Former Governor Jan Brewer announced that she has "become enjoined to be a contributor" at the paper. The Republic dropped its big news Saturday in a video featuring Brewer and E.J. Montini, the paper's rapid responder for milquetoast liberal takes.
"Tired of liberal rants?" the Republic tweeted. "We've recruited a champion of the right — a former governor, to boot — to give voice to Arizona conservatives."
Brewer's new gig prompted heated debate between journalists, politicians, and lobbyists over her record as governor, the meaning of "white supremacist," and the boundaries of acceptable discourse in a mainstream publication.
Tired of the liberal rants? We've recruited a champion of the right -- a former governor, to boot -- to give voice to Arizona conservatives. Catch her views, only on @azcentral and the Republic. pic.twitter.com/pevBKRIQC7— azcentral (@azcentral) March 2, 2019
Critics argued that hiring Brewer amounts to providing a platform for hate and crankery. Some said they'd cancel their subscriptions over the new hire. Supporters of the decision said Brewer reflects a strain of hard-right conservatism prevalent in Arizona, but underrepresented in the Republic's opinion section.
Several detractors said Brewer's signing of SB 1070 — the "show me your papers" law — should disqualify her from getting a platform in the Republic. Democratic State Representative Athena Salman, calling Brewer a "white supremacist," also pointed to the former governor's support for laws prohibiting DACA recipients from getting driver's licenses and banning Mexican-American studies in public schools.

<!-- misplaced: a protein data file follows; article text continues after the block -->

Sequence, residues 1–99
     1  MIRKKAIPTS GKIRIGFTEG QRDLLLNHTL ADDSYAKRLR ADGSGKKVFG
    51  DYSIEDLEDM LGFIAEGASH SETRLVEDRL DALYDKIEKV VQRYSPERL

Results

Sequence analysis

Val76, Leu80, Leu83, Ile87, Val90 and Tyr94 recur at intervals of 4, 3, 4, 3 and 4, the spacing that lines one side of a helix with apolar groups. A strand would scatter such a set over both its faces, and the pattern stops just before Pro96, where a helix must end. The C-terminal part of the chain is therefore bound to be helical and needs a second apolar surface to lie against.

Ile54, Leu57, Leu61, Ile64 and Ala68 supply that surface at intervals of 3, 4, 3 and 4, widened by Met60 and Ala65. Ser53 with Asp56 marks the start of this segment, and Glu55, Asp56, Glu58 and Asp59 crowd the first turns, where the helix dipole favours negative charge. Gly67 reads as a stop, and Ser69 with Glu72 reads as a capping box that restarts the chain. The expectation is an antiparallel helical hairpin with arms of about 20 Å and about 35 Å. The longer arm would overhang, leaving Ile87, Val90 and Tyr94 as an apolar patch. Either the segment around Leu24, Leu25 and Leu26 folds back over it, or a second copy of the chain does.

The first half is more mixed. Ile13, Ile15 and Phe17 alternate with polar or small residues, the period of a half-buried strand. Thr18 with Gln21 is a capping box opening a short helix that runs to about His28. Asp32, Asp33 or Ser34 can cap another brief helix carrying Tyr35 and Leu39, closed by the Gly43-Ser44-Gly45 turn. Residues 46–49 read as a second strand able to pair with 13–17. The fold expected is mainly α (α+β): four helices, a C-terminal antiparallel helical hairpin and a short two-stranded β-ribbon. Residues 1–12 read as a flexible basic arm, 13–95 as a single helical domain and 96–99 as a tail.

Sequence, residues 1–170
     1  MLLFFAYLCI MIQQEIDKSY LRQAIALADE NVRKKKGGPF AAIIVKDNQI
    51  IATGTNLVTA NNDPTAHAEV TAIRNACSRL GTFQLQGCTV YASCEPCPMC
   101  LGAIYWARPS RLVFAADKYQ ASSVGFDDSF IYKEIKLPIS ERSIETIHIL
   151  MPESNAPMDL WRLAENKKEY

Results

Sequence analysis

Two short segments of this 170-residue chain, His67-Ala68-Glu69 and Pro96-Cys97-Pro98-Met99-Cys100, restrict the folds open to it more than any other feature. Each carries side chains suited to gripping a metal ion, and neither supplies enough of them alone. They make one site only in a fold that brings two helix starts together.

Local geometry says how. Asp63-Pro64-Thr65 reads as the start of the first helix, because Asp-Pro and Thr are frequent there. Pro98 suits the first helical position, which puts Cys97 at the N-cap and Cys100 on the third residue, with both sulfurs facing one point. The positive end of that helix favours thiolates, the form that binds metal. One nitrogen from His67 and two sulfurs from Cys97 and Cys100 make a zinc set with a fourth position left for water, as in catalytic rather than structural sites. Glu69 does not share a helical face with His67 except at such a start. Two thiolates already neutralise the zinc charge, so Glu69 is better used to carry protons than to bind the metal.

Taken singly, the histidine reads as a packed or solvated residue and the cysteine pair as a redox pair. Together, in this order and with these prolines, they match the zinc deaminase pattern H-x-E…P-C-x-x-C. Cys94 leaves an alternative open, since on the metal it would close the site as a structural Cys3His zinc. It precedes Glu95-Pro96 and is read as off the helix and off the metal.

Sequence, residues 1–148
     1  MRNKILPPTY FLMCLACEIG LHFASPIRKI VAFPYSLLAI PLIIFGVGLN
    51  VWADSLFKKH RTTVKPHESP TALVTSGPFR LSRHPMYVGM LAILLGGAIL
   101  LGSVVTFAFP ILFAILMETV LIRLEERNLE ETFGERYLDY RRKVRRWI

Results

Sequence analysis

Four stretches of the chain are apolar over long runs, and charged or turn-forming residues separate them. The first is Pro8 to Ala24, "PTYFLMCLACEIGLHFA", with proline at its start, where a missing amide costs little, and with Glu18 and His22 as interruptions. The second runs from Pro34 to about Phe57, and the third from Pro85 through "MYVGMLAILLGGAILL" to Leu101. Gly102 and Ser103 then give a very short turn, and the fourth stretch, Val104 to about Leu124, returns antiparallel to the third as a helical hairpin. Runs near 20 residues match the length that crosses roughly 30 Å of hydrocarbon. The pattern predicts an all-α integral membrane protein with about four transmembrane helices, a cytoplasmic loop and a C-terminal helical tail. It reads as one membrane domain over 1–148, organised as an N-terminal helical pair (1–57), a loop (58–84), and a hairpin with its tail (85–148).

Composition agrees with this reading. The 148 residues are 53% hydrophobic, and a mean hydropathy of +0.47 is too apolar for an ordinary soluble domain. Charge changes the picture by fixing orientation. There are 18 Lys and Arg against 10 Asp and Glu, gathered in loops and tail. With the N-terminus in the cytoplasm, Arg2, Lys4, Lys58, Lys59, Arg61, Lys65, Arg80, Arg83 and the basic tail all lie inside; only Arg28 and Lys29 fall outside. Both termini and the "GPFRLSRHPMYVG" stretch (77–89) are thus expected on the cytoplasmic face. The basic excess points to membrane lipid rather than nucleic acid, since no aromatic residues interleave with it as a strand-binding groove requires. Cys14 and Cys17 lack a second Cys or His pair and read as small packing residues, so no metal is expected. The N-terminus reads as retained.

Luige del Puerto, editor and associate publisher of the Arizona Capitol Times, pushed back against Salman, asking her whether anyone who supported the aforementioned policies would qualify as a white supremacist.
"Those policies are racist," Salman responded. "You may not be able to say everyone who supported SB 1070 is a white supremacist, but every white supremacist loves SB 1070."
In came Republican State Representative T.J. Shope, who noted that he is half-Latino and supported all three policies in question. "Does that make me a white supremacist or is that label thrown around so much these days that it has almost no meaning?" Shope wrote.
Will Gaona, a staffer for Phoenix City Councilwoman Vania Guevara, said the resources spent on Brewer's column could be put to better use.
"As a subscriber, I believe I’d get more value from additional reporting than this column. That calculation could be different for a different columnist," he wrote to del Puerto of the Capitol Times, who appeared to spend the greater part of Sunday engaging critics of the Republic's newest hire.
Chris Herstam, a former Arizona Republican who recently switched parties, agreed with Gaona, noting the recent layoff of Pulitzer-winning cartoonist Steve Benson.
"Benson or Brewer? Easy journalistic choice," he wrote.
The debate over Brewer mirrors a national debate over opinion sections as social media democratizes the art of punditry, once reserved for elites, while simultaneously hardening our political bubbles. Which views belong in the public discourse? Which views belong in the dust bin? Who deserves a platform? Who is missing from the debate? Do we even need opinion sections anymore?
New hires become flash points in the debate. At the New York Times, there was Bari Weiss and Bret Stephens. At The Atlantic, there was Kevin Williamson. At the Republic, it's Brewer.
Her hiring makes her the most conservative Republic opinion writer in a list that includes Robert Robb, Phil Boas, and Jon Gabriel. On the left, the paper has Montini, Laurie Roberts, and Elvia Diaz. Joanna Allhands opines about water, while Abe Kwok takes on city issues.